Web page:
| 4||F||9||Repetitive pill rolling of thumb and fingers||R||18–35 (mean, 23)||Tonic posturing||3/4|
| 5||F||36||Repetitive grasping (fingers repetitively flex into a fist, then extend)||R||28||Dystonic posturing||1/14|
| 6||F||44||Repetitive grasping motions with fingers rubbing palm, starting with the 5th digit and followed immediately in succession by the fourth, third, and second digits||R||37–38 (mean, 37.5)||Tonic posturing||2/8|
| 7||F||51||Repetitive grasping (fingers repetitively flex into a fist, then extend)||R||6–36 (mean, 11)||Dystonic or tonic posturing||8/12|
| 8||M||30||Repetitive pill rolling of thumb and fingers||R||9||Tonic posturing||1/5|
| 9||F||28||Repetitive flexion and extension of fingers||R||57–128 (mean, 92.5)||Tonic posturing||2/3|
|10||F||38||Repetitive flexion and extension of the index finger followed by repetitive flexion and extension of all fingers||R||37||Tonic posturing||1/8|
|11||M||41||Repetitive opening and closing of the hand, starting with the fifth digit and followed by rhythmic succession of the fourth through the first digit in a fanning motion||L||19||Dystonic posturing||1/2|
|12||M||34||Repetitive rubbing of fingers on palm, followed by fist squeezing||R||27–29 (mean, 28)||Tonic posturing||2/6|
|13||M||24||Repetitive flexion and extension of fingers||L||8||Dystonic posturing||1/3|
|14||M||33||Repetitive squeezing of fist and repetitive pill rolling of thumb and fingers||L3/R1a||7–43 (mean, 24.5)||Dystonic or tonic posturing||4/21|
|15||M||30||Repetitive rubbing of fingers on palm, followed by fist squeezing||R||8–32 (mean, 20)||Dystonic posturing||2/13|
| 1||L||L MTS||No surgery because of failed Wada memory testing|
| 2||B (R for RINCH seizures)||L MTS||L temporal lobectomy despite bilateral foci: no worthwhile improvement (4 yr)|
| 3||L||L temporal cortical dysplasia||L temporal lobectomy: seizure free (3 mo)|
| 4||R||Normal||R temporal lobectomy: seizure free (5 mo)|
| 5||L||L MTS||L selective amygdalohippocampectomy: seizure free (3 yr)|
| 6||L||L MTS||L selective amygdalohippocampectomy: seizure free (1 yr)|
| 7||L||L MTS||L selective amygdalohippocampectomy: seizure free (1.5 yr)|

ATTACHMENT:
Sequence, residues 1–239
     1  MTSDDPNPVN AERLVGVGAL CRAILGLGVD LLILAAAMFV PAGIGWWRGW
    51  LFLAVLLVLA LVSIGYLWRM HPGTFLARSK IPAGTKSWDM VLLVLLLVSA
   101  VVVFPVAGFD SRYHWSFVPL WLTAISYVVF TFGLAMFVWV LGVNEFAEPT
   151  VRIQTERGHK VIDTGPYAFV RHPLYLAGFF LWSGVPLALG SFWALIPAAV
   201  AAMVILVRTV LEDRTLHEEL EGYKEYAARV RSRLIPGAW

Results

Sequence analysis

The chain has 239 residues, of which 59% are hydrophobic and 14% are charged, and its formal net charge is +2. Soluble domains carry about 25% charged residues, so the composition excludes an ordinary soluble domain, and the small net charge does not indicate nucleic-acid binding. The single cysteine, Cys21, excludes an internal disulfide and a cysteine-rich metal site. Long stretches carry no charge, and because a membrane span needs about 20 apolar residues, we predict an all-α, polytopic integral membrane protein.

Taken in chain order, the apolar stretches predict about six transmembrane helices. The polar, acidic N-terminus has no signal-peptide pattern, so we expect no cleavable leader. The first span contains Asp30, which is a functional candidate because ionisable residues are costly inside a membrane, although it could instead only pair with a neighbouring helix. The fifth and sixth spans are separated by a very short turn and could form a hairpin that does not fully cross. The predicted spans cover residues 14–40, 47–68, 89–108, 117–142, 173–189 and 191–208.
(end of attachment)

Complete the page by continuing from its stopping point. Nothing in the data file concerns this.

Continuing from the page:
| 8||L||L MTS||L selective amygdalohippocampectomy: seizure free (1 yr)|
| 9||L||Left midposterior temporal encephalomalacia||No surgery|
|10||L||L MTS||L selective amygdalohippocampectomy: seizure free for 7 mo, then recurrence with no worthwhile improvement now (2 yr)|
|11||B (R for RINCH seizures)||Normal||No surgery|
|12||L||L MTS||L selective amygdalohippocampectomy: seizure free (1 yr)|
|13||B (R for RINCH seizures)||Normal||No surgery|
|14||B (R for RINCH seizures)||L MTS||No surgery|
|15||B (L for RINCH seizures)||L MTS||No surgery|
The mean duration of the motions was 24 s, with a range of 6–128 s. RINCH motions occurred 0–79 s (mean, 24.7 s) after the onset of the electrographic seizure and 0–58 s (mean, 16.5 s) after the onset of the clinical seizure. RINCH motions were seen within 5 s of clinical seizure onset in eight (24%) of 34 involved seizures and within 10 s in 15 (44%) of 34 seizures (in six and seven patients, respectively).
RINCH motions were followed by posturing (dystonic or tonic) in every patient (although not in every seizure). The posturing usually started after the RINCH motions ended, but occasionally started before they ended. RINCH motions involved the hand contralateral to the temporal lobe of seizure onset in 14 of 15 patients. In the single patient who demonstrated rhythmic hand movements ipsilateral to the seizure onset (Table 1, patient 4), dystonic posturing became bilateral, consistent with contralateral seizure spread. In one patient with bilateral independent seizure onsets, RINCH motions were usually contralateral to the seizure onset (Table 1, patient 14). Posturing did not follow RINCH motions in six of the 34 seizures, and in one seizure, the affected hand went out of camera range right after the RINCH motions.
Interestingly, RINCH motions affected the right hand in 28 (82%) of 34 seizures and 11 of 14 patients (one patient demonstrated independent right- and left-hand involvement) and were most often associated with left mesial temporal sclerosis. Whereas we did not specifically review and record automatisms in general, we did observe that picking and fumbling automatisms sometimes occurred simultaneously with RINCH motions, but tended to affect the opposite extremity.
All patients with RINCH motions had TLE (Table 2). In the 15 patients studied, RINCH motions were noted in 34 of 120 seizures analyzed. For each individual, the proportion of seizures with these rhythmic hand movements ranged from 7 to 100%. Based on a survey of patients admitted with TLE around the time that RINCH motions were identified, we estimated that RINCH motions occur in about 10% of patients with TLE.